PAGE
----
Those looming expenses don’t account for how Maryland will rebuild the bridge and reestablish shipping at the port. Despite President Biden’s promise to “move heaven and earth” and pledge for the federal government to replace the bridge, Congress has to agree to pay for the full cost.

“To me, it seems like the wrong time to be going after that extra level of taxes,” Senate Budget Chair Guy Guzzone (D-Howard) said during the first budget negotiation Monday afternoon.

“Look, I’m thrilled that the president of the United States has indicated he’s going to pay for this bridge. But you know, that money still has to come through Congress,” said Guzzone, who leads the Senate negotiators. “There’s so much uncertainty ahead of us. We need to be carefully looking at all these things before we go to the residents of Maryland.”

Barnes, who leads the House budget negotiators, replied, “I think the uncertainty is all the more reason to do something now, to solve these problems now.”

Moore has not said he would veto a tax increase, but he said he has “a very high bar” to supporting one and wants to prioritize stimulating the state’s economy over asking residents recovering from record-high inflation to pay more.

“We have just seen an unprecedented tragedy in our state,” the governor said in a statement. “Tonight’s procedural step allows the General Assembly to continue working towards a final budget that makes Maryland safer, more economically competitive, more affordable and the state that serves while we navigate the impacts of the collapse of the Francis Scott Key Bridge.”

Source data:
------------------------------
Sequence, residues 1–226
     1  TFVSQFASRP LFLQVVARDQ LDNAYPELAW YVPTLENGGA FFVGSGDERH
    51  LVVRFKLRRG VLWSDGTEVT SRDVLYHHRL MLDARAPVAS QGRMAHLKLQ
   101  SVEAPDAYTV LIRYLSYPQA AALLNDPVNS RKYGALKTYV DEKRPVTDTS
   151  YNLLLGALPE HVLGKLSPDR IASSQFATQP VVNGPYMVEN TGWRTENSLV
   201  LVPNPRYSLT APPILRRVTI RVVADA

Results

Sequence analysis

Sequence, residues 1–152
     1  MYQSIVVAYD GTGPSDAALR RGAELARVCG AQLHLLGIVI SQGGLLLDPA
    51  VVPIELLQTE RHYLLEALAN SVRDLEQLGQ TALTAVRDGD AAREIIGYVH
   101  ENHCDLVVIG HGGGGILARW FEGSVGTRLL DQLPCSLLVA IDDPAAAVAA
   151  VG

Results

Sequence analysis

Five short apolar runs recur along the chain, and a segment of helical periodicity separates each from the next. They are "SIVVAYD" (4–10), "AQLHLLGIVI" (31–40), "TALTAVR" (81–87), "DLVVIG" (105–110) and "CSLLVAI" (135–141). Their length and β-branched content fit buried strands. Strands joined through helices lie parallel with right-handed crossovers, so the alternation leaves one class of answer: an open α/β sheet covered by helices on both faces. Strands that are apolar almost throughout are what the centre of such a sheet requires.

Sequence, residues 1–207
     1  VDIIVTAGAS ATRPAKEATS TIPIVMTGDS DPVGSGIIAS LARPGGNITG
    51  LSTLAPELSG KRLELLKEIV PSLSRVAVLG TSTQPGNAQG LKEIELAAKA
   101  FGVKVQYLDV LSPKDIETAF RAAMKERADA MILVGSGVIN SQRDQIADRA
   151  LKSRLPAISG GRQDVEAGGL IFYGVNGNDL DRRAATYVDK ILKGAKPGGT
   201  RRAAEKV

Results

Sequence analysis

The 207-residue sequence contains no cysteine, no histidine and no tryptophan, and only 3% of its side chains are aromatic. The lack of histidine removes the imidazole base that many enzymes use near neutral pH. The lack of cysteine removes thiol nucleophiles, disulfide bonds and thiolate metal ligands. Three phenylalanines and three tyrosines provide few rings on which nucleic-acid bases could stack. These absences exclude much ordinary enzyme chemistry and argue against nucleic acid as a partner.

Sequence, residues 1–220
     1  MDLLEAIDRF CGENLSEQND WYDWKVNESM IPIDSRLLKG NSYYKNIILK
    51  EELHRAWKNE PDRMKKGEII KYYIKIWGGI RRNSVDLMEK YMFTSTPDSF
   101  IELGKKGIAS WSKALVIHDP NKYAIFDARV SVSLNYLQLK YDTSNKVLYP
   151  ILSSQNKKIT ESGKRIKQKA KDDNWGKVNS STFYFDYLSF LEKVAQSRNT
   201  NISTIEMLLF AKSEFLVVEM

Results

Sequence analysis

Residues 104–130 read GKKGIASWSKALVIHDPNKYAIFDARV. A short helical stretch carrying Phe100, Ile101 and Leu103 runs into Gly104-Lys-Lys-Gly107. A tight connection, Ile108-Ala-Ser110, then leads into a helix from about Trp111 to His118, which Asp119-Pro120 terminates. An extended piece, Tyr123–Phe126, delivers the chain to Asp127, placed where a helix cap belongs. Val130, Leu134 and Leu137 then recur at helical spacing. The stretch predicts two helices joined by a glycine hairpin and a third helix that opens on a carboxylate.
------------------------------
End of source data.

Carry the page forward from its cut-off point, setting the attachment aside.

He did not offer guidance on how to resolve the unusual gridlock in a legislature that is typically collegial in public.

With bridge wreckage blocking the primary shipping channel to the Port of Baltimore, state officials project economic ripple effects. The port supports 15,000 jobs directly and another 140,000 indirectly, according to an estimate earlier this year that touted a record $80 billion worth of foreign cargo passing through port in 2023.

“It remains vital that the Senate and the House find compromise as soon as possible, pass the budget, and provide certainty at this challenging and uncertain time,” Moore said.

The Maryland Constitution requires the General Assembly to pass a balanced budget before it adjourns.

House Democrats have pushed an amendment to the Maryland Constitution that would legalize and tax online poker, as well as a change in how corporate taxes are calculated, two measures projected to bring in $525 million a year to pay for the school program.

Senate Democrats are willing to support more modest measures that would impose a new fee on electric vehicles, among other measures designed to raise money only for transportation. The House supports those in concept but wants to go further.

Other options on the table have included a 75-cent fee for ride-hailing trips, sales taxes on used-car trade-ins and higher tolls on out-of-state drivers.

The Maryland General Assembly was set to adjourn in a week, by midnight April 8. Moore’s order extends the session for 10 days, but only the budget may be considered after next Monday.

Read More: Maryland Democrats fight over tax increases extends legislative session

2024-04-02 03:24:45